In an intra-Republican Party policy dispute, Interior Department Secretary Ryan Zinke supports reintroducing grizzlies in Washington state, but U.S. Rep. Dan Newhouse inserted an amendment to block funding.
The federal government would be barred from spending money to move grizzly bears into Washington’s North Cascades in the coming fiscal year, under an amendment approved Thursday by the U.S. House of Representatives.
Interior Secretary Ryan Zinke has backed the effort to bring the bears back to the mountain range, saying in March they are “part of a healthy environment.” That gave new life to an Obama-era recovery study halted by the Trump administration.
But the recovery effort in the North Cascades is opposed by Rep. Dan Newhouse, a Republican from Sunnyside, who inserted in a House appropriations bill the amendment banning federal money for reintroduction efforts.
In an April letter to Zinke, Newhouse wrote that the reintroduction plan “threatens the way of life” for his North Central Washington constituents. Ranchers are concerned that grizzlies could kill livestock, and Newhouse also wrote that the bears would negatively affect recreation and rural economies.
Most Read Stories
- Snohomish County man has the United States’ first known case of Wuhan coronavirus
- 5 of the Seattle area's most changed neighborhoods: We crunched the data on population, income, jobs
- 'We were before our time': Remembering the fight to change King County's namesake from a slave owner to a civil-rights leader VIEW
- Did the Seahawks make a mistake by letting Richard Sherman go?
- How white families with young children can work to undo racism
Zinke, in March comments in Sedro-Woolley, said reintroducing grizzlies would take public safety and cattlemen’s concerns into account, and he was confident federal wildlife professionals “could get it right.”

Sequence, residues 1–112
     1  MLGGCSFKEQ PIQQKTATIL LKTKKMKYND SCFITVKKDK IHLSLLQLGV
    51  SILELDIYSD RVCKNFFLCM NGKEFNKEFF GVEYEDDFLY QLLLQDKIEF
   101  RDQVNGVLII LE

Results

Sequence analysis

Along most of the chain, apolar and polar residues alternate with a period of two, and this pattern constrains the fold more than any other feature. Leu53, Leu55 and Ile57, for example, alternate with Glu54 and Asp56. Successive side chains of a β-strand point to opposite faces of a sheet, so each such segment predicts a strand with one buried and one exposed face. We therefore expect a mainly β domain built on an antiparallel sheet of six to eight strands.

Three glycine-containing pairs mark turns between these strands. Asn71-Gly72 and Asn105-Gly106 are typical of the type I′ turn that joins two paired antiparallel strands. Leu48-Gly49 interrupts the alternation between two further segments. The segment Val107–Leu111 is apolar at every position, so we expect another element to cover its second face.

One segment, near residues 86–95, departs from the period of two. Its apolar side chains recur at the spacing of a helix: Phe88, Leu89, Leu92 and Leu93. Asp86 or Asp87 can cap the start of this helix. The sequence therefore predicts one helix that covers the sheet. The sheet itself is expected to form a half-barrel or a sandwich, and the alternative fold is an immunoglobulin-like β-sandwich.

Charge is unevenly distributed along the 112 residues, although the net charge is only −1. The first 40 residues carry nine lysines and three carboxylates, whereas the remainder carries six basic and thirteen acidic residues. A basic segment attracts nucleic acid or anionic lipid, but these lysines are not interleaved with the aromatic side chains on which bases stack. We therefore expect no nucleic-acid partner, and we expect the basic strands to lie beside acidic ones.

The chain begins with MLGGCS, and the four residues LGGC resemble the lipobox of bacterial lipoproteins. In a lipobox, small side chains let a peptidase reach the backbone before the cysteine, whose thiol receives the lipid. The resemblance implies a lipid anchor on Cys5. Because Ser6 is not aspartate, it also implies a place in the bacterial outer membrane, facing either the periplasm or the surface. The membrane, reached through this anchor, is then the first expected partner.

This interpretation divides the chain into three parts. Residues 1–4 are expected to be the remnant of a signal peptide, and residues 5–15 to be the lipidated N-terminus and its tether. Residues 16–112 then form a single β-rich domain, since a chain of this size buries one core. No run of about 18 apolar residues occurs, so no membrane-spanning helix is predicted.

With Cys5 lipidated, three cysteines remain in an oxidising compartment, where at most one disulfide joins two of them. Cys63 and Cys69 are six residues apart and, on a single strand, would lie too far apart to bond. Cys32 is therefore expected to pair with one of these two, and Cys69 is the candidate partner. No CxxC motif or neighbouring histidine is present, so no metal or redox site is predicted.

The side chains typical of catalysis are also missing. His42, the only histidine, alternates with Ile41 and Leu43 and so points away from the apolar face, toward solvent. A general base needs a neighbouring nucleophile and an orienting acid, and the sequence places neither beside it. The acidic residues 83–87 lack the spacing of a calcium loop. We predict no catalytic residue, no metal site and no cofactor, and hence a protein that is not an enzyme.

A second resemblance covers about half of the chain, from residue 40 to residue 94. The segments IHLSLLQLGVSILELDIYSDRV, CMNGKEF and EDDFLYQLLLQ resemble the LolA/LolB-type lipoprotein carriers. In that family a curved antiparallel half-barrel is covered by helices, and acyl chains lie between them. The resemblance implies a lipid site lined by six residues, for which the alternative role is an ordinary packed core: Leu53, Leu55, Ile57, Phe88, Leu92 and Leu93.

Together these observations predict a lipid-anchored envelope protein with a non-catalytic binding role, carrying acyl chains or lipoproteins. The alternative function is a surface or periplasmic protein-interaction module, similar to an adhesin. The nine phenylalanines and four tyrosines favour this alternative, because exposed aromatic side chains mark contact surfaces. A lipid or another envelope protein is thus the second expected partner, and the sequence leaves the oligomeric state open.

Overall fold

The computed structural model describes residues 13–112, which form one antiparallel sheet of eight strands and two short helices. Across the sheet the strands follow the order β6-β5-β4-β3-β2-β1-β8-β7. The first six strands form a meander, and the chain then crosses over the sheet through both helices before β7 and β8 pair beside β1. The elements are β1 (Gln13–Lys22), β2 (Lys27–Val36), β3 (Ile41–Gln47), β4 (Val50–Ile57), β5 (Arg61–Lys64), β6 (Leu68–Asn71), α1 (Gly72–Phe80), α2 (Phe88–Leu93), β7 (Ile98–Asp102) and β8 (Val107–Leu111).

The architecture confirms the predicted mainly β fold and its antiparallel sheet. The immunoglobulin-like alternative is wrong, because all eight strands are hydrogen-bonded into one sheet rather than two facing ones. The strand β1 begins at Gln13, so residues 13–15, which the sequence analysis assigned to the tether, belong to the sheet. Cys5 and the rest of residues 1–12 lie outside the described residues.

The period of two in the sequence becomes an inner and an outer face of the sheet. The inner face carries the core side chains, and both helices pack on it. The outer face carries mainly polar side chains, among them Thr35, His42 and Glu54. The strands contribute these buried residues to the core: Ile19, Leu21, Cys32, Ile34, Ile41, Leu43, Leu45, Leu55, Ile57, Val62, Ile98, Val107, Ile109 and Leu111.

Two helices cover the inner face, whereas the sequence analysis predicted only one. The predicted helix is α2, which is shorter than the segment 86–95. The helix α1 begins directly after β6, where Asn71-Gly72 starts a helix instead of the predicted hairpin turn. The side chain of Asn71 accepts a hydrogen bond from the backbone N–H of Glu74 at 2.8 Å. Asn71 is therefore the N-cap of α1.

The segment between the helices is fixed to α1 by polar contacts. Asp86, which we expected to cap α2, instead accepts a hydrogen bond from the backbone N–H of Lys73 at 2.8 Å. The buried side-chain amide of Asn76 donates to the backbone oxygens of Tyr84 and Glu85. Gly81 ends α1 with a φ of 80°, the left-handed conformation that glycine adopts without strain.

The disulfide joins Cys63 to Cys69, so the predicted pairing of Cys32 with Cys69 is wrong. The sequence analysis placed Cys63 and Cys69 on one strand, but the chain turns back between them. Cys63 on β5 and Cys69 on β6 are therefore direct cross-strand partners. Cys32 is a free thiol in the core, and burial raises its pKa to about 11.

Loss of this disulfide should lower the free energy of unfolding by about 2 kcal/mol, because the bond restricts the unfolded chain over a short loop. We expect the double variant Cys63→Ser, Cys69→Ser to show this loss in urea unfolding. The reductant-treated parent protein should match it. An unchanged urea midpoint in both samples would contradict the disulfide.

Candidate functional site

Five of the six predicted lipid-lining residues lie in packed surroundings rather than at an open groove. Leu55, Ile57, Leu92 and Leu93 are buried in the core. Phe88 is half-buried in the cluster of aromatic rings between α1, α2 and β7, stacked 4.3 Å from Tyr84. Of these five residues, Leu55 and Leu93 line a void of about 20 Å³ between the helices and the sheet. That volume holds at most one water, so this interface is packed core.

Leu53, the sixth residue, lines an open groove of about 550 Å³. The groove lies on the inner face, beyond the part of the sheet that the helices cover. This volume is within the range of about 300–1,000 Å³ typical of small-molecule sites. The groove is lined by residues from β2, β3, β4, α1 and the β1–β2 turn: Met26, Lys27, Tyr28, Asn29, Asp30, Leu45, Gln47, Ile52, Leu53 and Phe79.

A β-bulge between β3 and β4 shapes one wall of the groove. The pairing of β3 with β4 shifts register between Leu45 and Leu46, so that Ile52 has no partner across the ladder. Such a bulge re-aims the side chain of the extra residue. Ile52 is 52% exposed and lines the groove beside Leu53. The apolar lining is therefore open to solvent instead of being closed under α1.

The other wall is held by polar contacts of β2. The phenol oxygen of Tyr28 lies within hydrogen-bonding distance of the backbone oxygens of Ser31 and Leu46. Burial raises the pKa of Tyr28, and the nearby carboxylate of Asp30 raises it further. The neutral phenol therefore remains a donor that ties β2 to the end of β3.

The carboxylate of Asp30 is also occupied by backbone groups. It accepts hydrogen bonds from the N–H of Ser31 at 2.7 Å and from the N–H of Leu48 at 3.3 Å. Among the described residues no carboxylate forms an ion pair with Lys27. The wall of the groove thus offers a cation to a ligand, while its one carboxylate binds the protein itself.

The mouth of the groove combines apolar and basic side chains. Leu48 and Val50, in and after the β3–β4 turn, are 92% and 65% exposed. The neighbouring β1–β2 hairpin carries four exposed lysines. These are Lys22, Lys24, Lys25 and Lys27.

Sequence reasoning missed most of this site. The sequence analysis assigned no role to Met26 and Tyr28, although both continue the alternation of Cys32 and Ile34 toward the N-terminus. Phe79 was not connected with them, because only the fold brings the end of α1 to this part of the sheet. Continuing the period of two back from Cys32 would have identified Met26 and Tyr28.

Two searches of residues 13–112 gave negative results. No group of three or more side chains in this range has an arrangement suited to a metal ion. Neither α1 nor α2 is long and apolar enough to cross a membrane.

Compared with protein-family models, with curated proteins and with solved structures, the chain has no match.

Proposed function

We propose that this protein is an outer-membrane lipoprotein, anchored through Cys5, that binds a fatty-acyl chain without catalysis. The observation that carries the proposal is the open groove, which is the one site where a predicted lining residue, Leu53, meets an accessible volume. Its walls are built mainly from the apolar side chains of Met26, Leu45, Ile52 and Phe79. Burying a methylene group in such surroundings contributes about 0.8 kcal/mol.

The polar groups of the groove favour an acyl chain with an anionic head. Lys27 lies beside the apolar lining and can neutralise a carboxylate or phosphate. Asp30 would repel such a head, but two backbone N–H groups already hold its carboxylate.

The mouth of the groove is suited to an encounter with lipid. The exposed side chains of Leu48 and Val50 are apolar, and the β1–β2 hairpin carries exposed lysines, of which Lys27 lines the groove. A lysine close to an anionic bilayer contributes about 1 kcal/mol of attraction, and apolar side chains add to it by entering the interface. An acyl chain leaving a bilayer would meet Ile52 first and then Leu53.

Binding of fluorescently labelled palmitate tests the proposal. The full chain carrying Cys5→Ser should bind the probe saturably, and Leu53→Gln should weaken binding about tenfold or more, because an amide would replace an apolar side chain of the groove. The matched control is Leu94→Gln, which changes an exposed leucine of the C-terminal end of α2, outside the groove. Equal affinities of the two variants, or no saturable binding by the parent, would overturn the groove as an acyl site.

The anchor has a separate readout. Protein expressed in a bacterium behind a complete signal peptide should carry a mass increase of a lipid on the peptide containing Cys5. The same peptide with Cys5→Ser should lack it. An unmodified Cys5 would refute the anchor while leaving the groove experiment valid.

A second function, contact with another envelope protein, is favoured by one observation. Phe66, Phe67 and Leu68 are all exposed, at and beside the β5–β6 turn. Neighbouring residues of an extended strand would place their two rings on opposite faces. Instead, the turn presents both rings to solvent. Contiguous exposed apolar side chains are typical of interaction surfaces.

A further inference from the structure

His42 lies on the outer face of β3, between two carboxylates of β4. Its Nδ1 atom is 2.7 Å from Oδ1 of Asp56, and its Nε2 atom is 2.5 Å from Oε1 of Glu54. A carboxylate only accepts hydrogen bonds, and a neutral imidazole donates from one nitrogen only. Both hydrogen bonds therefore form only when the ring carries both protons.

Zinke’s statement heartened conservationists who support bringing the grizzlies back to the North Cascades.
In past centuries, the North American grizzly population was estimated at some 50,000 bears. Hunters killed off most of them in the 19th and early 20th centuries, and the bears occupy about 2 percent of their original range in about 2 percent of their original range in the Lower 48 states. In the U.S. portion of the North Cascades ecosystem, the most recent confirmed sighting was in 1996.
“It’s apparent that our region’s grizzly bears will not self-recover,” wrote Joe Scott, of Conservation Northwest, in a commentary published in The Seattle Times in April. “ … Conservation Northwest and our colleagues support moving approximately 25 bears over 10 years into the North Cascades ecosystem as a measured approach to reestablish grizzly reproduction — with additional animals added over time to replace those that die prematurely or don’t have cubs.”
The House appropriations bill passed Thursday also includes a provision that would affect gray wolves, whose recovery has been embraced by conservationists as a wildlife success story but whose predation on livestock has spurred anger from ranchers. Under the measure, the Interior Department would be required to remove these wolves from the list of endangered wildlife by the end of the next fiscal year.
The congressional fate of both of the grizzly and gray wolf provisions are uncertain.
The Senate has yet to pass an appropriations funding bill for the Interior Department, so the bear and wolf measures would have to make it into the final legislation Congress sends to President Donald Trump.
Correction: An earlier version of this story said grizzly bears occupy about 2 percent of their original range in North America. The story has been corrected to say they occupy about 2 percent of their original range in the Lower 48 states.